House For A Stationer

House For A Stationer

Architecture For London created a soothing grid-inspired design for a creative North London couple.

This North London project extends a maisonette that had previously been converted from an early Victorian house. The reconfigured and extended home flips the original bed and living rooms creating a series of connected spaces for improved daylight and views. The new kitchen, dining and study spaces are informally defined by exposed oak posts and beams, which also allow natural light to penetrate deep into the lower ground floor plan. Soap washed timber bounces soft light around the house, enhancing the layered internal partitions. Framed views are created between the spaces and direct the eye towards the lush green backdrop outside.

The orthogonal grid continues throughout the property with bricks in a variety of bonds externally, and square tiles with contrasting colour grout lines to the kitchen and bathroom. This contemporary, geometric approach is contrasted with refurbished traditional Victorian details on the upper floor. The large skirting boards were painted to match the walls for a harmonised finish

The depth of the rear extension was defined by an existing upstairs neighbour’s stair, which had to be retained to allow access to their garden. Peterson bricks, akin to the tone of whitewashed London stock, cover the rear as it tucks underneath the stair. Fluted glass reduces the impact of this stair when viewed from the new study. Garden life is brought right through the house from potted plants in the kitchen to a large planter in the hall.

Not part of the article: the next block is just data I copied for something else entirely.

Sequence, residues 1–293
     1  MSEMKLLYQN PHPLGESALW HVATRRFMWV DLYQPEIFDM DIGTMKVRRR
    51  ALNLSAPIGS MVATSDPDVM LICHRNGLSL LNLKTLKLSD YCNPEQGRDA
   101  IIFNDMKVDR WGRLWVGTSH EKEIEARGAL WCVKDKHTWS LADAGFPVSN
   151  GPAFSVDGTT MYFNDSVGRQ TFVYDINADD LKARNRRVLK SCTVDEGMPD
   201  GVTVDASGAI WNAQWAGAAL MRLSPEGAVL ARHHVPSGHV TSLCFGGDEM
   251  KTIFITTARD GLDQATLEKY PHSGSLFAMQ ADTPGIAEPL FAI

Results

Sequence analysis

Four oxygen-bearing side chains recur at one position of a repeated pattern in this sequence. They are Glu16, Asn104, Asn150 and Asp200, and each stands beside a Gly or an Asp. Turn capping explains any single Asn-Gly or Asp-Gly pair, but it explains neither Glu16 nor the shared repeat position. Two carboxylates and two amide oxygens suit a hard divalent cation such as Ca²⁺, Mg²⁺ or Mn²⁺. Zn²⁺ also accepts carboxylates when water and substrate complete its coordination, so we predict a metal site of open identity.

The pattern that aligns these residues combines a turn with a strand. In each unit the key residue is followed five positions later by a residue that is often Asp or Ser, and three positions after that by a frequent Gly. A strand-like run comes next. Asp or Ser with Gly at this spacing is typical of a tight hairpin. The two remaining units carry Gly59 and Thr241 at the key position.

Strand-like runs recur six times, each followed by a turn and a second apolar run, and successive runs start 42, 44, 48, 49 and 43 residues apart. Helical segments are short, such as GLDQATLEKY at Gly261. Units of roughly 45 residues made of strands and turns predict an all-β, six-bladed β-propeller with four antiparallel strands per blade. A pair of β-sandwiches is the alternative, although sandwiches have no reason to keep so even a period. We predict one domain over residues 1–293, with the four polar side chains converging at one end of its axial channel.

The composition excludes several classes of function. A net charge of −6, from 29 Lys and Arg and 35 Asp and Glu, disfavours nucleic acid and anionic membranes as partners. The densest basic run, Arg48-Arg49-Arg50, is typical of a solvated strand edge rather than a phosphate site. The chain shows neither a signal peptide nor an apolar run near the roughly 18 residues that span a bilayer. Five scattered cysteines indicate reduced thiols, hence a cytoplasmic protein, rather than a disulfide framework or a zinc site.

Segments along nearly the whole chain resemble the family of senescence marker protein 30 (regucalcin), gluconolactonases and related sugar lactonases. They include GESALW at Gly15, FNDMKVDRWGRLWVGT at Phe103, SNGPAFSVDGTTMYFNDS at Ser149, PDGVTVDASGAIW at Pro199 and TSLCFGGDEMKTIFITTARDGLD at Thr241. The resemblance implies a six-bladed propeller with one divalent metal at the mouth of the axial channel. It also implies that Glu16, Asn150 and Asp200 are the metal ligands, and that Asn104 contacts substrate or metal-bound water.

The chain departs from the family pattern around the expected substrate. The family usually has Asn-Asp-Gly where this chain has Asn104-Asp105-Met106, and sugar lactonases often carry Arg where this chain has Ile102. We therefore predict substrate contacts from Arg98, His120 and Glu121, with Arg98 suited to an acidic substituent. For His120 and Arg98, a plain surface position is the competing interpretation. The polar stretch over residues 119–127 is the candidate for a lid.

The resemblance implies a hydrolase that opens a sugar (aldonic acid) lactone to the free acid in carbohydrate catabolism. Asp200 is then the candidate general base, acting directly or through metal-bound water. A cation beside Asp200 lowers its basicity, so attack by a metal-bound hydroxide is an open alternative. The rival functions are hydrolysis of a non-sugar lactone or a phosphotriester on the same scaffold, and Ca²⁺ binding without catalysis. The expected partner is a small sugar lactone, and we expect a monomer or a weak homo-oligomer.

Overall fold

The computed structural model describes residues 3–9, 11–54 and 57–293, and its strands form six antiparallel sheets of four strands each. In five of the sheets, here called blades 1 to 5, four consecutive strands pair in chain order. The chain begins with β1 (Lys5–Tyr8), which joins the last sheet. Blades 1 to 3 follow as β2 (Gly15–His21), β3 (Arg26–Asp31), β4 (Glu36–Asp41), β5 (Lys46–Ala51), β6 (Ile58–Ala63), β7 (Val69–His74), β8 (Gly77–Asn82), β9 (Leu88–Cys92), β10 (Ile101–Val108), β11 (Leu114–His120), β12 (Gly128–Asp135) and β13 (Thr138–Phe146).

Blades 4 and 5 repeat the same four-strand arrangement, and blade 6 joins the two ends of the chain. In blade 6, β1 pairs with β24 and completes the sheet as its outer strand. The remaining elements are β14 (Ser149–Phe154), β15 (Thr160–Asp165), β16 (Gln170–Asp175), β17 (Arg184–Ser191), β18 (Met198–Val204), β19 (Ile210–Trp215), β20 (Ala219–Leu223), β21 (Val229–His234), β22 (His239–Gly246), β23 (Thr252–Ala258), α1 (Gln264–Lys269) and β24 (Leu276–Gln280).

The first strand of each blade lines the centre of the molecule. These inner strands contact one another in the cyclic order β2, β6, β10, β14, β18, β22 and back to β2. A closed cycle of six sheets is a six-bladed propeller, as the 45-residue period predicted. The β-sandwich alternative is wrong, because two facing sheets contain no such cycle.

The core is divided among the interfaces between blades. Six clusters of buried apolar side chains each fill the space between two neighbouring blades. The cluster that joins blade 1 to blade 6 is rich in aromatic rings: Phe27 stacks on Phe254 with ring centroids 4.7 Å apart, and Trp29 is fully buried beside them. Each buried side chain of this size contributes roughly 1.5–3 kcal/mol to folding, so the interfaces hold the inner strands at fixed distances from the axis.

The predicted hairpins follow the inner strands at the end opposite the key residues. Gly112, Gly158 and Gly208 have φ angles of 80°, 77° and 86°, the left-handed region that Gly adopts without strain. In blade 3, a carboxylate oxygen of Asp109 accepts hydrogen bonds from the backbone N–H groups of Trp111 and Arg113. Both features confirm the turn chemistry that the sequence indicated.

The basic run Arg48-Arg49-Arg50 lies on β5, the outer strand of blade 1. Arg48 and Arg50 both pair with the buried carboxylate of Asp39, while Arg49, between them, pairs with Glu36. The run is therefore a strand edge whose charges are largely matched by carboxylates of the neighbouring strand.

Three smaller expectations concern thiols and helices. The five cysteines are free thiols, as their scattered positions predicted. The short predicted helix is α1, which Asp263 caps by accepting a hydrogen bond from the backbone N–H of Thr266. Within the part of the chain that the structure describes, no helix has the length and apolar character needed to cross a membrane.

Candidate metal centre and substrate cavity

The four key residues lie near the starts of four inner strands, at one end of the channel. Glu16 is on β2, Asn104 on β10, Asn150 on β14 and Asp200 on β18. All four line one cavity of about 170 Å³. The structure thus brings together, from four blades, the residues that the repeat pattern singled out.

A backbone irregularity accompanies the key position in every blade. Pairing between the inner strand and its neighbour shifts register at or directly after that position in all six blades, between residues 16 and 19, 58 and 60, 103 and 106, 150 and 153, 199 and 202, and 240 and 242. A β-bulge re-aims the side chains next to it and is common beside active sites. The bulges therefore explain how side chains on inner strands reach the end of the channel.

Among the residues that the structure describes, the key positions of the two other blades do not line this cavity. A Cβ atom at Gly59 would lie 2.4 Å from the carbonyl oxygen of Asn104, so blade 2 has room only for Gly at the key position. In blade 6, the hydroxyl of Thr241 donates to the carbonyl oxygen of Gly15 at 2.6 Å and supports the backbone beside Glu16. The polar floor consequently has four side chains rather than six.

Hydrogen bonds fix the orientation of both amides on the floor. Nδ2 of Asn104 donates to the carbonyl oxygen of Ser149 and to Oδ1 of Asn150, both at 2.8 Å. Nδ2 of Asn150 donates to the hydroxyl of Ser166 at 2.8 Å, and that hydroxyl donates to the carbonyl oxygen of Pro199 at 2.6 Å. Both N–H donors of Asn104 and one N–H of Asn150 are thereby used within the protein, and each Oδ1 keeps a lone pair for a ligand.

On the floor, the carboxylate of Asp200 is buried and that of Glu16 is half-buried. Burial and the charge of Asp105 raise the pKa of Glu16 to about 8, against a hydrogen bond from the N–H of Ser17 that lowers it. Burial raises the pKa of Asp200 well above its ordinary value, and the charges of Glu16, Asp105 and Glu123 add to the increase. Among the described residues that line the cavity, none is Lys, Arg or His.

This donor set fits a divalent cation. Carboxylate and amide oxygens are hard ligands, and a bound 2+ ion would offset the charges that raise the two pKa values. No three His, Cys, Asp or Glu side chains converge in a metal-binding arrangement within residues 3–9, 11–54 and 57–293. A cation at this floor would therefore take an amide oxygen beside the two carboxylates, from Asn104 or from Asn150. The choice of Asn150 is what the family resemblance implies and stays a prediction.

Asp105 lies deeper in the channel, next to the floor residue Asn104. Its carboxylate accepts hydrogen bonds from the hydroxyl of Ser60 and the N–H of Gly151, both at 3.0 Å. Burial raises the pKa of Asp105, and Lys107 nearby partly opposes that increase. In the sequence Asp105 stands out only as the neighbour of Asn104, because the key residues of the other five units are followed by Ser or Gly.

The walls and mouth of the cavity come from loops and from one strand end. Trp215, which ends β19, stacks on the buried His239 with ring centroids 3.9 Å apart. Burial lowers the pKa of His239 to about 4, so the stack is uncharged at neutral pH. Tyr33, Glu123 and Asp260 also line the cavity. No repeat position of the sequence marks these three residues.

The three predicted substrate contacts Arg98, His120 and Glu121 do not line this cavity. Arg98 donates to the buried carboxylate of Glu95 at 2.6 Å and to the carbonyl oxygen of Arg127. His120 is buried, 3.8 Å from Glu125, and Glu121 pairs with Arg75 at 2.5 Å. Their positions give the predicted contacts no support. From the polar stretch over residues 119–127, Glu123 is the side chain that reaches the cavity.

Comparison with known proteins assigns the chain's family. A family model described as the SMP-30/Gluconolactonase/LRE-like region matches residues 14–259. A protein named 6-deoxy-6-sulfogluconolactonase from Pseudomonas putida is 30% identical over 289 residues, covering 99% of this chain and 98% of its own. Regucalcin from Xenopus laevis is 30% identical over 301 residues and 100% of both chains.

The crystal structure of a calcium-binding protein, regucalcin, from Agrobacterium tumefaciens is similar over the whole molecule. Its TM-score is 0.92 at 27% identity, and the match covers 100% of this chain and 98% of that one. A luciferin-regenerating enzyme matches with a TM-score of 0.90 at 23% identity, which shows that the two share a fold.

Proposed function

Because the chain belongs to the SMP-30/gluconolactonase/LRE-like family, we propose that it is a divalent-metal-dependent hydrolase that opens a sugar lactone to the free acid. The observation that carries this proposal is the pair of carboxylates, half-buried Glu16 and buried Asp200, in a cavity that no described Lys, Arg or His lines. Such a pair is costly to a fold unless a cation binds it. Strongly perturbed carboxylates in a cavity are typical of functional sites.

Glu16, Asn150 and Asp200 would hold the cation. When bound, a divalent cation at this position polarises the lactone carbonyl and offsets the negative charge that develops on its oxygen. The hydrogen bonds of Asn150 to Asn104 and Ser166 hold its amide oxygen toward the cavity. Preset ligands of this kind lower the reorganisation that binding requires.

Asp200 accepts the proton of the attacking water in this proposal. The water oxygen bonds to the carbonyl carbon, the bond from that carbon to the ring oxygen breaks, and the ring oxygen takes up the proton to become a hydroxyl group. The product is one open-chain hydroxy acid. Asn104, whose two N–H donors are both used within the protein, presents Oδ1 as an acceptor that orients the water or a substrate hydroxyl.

The home was completed for a modest budget but with significant benefits for the clients: boutique stationer Neil and graphic designer Mark. This is a home that highly compliments the considered and detailed approach that Neil and Mark bring to their work. The clients put significant energy into decorating, sourcing discounted fixtures and furniture, all allowing the budget to be pushed to the maximum.

Cost savings were not an afterthought – they informed the design rather than compromising it. The size limitations of the affordable rear glazing system influenced the graphic arrangement of the varied brick courses, highlighting rather than hiding the framing.

In the kitchen, the lines from the raw oak beams run through the kitchen cabinets, splashback tiles, and terrazzo-tiled floor. Using terrazzo tiles with matching grout gives the impression of a site poured terrazzo floor for a fraction of the cost. Other design-led savings included using standard Ikea kitchen carcasses with upgraded fronts finished with minimal knobs.

The clients deeply engaged in the process, leading to a home that is truly theirs. Like a neatly ruled grid in a stationer’s notebook, the house is all in order.
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Photo credit: Christian Brailey